UK outfit Future Films was created in 2000 to help producers put together financial packages for their films. That remit was soon expanded to include working as co-producers, and now the company is looking to be involved at every stage of a film's progress from development to international sales.
"I'm trying to achieve a horizontally integrated business," explains Future Films' chief executive Stephen Margolis. "Not many people know but we have co-produced more than 25 films in the last three years, and now the Media programme has granted us a full award ($208,000) for the development of our next slate of films. So it would appear the authorities now see us as having moved away from just being a sale-and-leaseback outfit into a fully fledged production company."
On the post-production side, Future already had Future Post but was struggling to find its feet in the sector before the company merged with London-based outfit Pepper Post in March.
"The transition has been seamless," says Pepper's managing director Patrick Holzen. "We have two buildings in the centre of London that have been redeveloped to cater for special-effects equipment. Future Post will be re-branded to Pepper Post, and we will keep on their staff."
Since the merger, Pepper Post has enjoyed a surge in interest. It has just finished work on New Line's The Golden Compass and is now mixing Tim Burton's Sweeney Todd: The Demon Barber Of Fleet Street.
Future also opened an office in Los Angeles last year in order to work more with US productions eager to take advantage of the new UK tax credit.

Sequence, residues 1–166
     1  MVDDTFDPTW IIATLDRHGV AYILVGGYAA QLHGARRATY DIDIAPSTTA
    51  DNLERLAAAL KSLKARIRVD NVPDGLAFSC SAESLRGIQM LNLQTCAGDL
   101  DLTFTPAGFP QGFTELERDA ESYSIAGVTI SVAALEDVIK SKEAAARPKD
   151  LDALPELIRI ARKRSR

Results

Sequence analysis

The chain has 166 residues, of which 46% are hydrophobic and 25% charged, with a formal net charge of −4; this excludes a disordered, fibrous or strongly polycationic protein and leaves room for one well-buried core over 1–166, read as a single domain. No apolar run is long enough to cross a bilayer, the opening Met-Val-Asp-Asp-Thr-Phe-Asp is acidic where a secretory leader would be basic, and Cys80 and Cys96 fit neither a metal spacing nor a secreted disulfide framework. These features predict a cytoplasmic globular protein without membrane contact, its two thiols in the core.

It has just co-produced Michael Radford's Flawless, starring Michael Caine, which makes its world premiere at San Sebastian this week, and is now working on Flawless writer Edward Anderson's thriller Shuttle. "We helped cashflow the Massachusetts tax credit for (Shuttle) and have now brought it back to the UK for post," says Margolis.
"What we're doing is looking at how to cross fertilise projects that we can find in the UK, which we can say to Los Angeles, 'Help us package this.' And also find projects in LA to which we can help bring a European style of financing."
Future also cashflows the new UK tax incentive for producers, as well as investing in projects and acquiring the rights to finish the funding. "We effectively become the bonder because we say we have the facilities here to finish the film as well," says Margolis.
Outside the UK and US, Future is also "involved in a couple of conversations about establishing a fund to invest in films made in Spain and looking to work more closely with Australia and South Africa," Margolis concludes.